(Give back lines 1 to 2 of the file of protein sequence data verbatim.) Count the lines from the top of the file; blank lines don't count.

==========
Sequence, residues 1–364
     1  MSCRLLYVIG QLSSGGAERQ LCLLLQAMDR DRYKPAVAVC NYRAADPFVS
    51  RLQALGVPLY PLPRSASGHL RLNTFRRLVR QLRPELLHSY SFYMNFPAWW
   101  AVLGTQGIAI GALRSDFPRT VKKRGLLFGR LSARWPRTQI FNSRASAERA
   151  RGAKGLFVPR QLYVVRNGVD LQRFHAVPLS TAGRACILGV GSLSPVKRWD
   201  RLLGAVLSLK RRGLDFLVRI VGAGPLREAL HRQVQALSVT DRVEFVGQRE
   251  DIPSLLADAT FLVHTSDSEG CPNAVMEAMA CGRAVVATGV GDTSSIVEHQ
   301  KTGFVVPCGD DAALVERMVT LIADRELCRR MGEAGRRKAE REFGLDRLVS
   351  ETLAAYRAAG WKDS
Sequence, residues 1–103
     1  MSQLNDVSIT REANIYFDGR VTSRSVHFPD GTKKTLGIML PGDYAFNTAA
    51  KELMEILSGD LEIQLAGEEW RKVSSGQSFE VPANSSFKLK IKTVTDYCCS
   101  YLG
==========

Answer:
Sequence, residues 1–364
     1  MSCRLLYVIG QLSSGGAERQ LCLLLQAMDR DRYKPAVAVC NYRAADPFVS